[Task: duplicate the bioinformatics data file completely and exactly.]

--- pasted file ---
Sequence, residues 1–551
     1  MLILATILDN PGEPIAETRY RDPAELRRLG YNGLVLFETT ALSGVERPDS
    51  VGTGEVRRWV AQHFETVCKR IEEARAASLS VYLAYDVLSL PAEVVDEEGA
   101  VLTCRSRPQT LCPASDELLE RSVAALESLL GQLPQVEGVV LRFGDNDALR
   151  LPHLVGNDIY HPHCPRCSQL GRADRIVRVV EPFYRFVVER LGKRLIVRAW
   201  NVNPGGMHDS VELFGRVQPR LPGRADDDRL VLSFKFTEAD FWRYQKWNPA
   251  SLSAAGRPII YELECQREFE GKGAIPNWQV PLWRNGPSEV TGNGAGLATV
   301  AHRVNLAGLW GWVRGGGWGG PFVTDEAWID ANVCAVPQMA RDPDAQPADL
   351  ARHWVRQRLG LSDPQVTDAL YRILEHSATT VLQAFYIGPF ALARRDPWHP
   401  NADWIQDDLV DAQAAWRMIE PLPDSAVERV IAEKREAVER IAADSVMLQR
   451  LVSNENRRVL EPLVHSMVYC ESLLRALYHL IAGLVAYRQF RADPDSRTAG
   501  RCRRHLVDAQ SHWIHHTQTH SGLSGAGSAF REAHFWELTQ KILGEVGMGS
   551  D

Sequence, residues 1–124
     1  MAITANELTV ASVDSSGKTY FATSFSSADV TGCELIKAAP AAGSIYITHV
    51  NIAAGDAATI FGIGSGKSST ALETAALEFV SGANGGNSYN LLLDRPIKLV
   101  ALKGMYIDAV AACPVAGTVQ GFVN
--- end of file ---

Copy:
Sequence, residues 1–551
     1  MLILATILDN PGEPIAETRY RDPAELRRLG YNGLVLFETT ALSGVERPDS
    51  VGTGEVRRWV AQHFETVCKR IEEARAASLS VYLAYDVLSL PAEVVDEEGA
   101  VLTCRSRPQT LCPASDELLE RSVAALESLL GQLPQVEGVV LRFGDNDALR
   151  LPHLVGNDIY HPHCPRCSQL GRADRIVRVV EPFYRFVVER LGKRLIVRAW
   201  NVNPGGMHDS VELFGRVQPR LPGRADDDRL VLSFKFTEAD FWRYQKWNPA
   251  SLSAAGRPII YELECQREFE GKGAIPNWQV PLWRNGPSEV TGNGAGLATV
   301  AHRVNLAGLW GWVRGGGWGG PFVTDEAWID ANVCAVPQMA RDPDAQPADL
   351  ARHWVRQRLG LSDPQVTDAL YRILEHSATT VLQAFYIGPF ALARRDPWHP
   401  NADWIQDDLV DAQAAWRMIE PLPDSAVERV IAEKREAVER IAADSVMLQR
   451  LVSNENRRVL EPLVHSMVYC ESLLRALYHL IAGLVAYRQF RADPDSRTAG
   501  RCRRHLVDAQ SHWIHHTQTH SGLSGAGSAF REAHFWELTQ KILGEVGMGS
   551  D

Sequence, residues 1–124
     1  MAITANELTV ASVDSSGKTY FATSFSSADV TGCELIKAAP AAGSIYITHV
    51  NIAAGDAATI FGIGSGKSST ALETAALEFV SGANGGNSYN LLLDRPIKLV
   101  ALKGMYIDAV AACPVAGTVQ GFVN